What Quebec French laws mean for immigrants
For residents of the “McGill bubble,” it can be easy to fall back on the English language in their daily interactions. The bubble, which encompasses the Milton-Parc community, describes McGill’s linguistic and cultural isolation from the rest of Montreal. Unlike students living near campus, language politics in Quebec are a recurring concern for many, especially prospective and newly-arrived immigrants. More specifically, the inability to speak French presents a much bigger hurdle for new immigrants to integrate into society. Although a recent report from Statistics Canada has shown that French remains the primary language spoken among 83.7 per cent of the population, concerns surrounding the preservation of the French language persist. Recent provincial elections have only stoked up these fears and allowed the language debate to remain a focal point of contention. With language at the core of national identity and politics in Quebec, it is necessary to evaluate the different policies put in place for immigration and the preservation of French and Quebecois culture. With the Coalition Avenir Québec’s (CAQ) proposals to reduce immigration by 20 per cent and impose French language and Quebec values tests , it is even more important to analyze current immigration policy in line with the preservation of French in the province.
French proficiency tests for prospective immigrants
Currently, the two primary immigration tracks are divided into the Québec Experience Program (PEQ), a simplified process, as well as the regular program for skilled workers. Prospective applicants are required to obtain the Quebec Selection Certificate (CSQ), a document that grants them the possibility to apply for Canadian permanent residency through federal immigration authorities. Before doing so, they must pass the Test d’évaluation de français (TEF Canada / TEFaQ), a French proficiency test. The main debates surrounding current immigration policies in Quebec are centered on the red-tape that has jeopardized applications. For example, getting a low score on the TEFaQ automatically disqualifies potential candidates from the permanent residency process. Including the French language examination process, immigration applications might take years and leave the immigration status of many uncertain. Led by François Legault, the CAQ plans on further enforcing these existing measures and reducing the number of immigrants. Throughout his campaign, Legault has repeatedly stated that the government would not allow immigrants to stay if they fail the French language and Quebec values tests. Apart from French proficiency tests during the application process, immigrants who are granted residency in Quebec are required to participate in additional programs to help them settle down and adjust to the community.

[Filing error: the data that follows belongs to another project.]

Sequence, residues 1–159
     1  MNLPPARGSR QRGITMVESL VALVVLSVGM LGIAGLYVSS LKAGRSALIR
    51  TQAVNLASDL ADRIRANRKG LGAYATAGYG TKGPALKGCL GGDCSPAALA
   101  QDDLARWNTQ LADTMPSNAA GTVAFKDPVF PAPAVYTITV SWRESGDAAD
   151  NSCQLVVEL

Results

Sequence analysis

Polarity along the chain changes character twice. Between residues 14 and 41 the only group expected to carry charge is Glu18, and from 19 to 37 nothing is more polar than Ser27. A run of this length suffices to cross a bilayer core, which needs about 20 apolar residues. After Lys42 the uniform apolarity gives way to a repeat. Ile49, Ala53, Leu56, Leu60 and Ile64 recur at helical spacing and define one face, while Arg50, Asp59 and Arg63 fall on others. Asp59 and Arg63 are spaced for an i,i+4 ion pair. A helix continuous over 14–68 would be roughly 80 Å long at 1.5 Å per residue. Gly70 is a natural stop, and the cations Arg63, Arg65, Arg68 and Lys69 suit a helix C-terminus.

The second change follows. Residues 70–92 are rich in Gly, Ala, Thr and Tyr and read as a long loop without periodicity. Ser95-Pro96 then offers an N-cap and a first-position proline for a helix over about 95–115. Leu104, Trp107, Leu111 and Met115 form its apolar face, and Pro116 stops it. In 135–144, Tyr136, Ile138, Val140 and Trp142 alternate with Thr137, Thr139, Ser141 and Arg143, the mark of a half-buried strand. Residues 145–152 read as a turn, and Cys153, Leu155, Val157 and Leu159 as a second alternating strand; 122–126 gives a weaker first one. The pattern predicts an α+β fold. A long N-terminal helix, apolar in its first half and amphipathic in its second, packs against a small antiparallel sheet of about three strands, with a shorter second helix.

Upon their arrival in Quebec, immigrants have to participate in mandatory French lessons. Targeting newly-arrived immigrants of all ages, these francisation programs include full-time or part-time French courses and fall under the oversight of the Ministry of Immigration, Diversity and Inclusion (MIDI). However, debates have surfaced surrounding the effectiveness of such programs in equipping new immigrants with the adequate French-speaking skills to enter the workforce. According to Auditor-General Guylaine Leclerc’s report to the National Assembly in 2017, fewer than one in 10 of the adult students enrolled in the government’s main francisation programs become proficient enough to enter the workforce or pursue postsecondary studies in French. Another point of contention is the funding allocated to these programs, given that the MIDI’s language support budget in 2016 was $74.5 million. The utility and resources allocated to such initiatives have continued to fuel concerns about immigration and whether it poses a threat to the preservation of the French language in Quebec.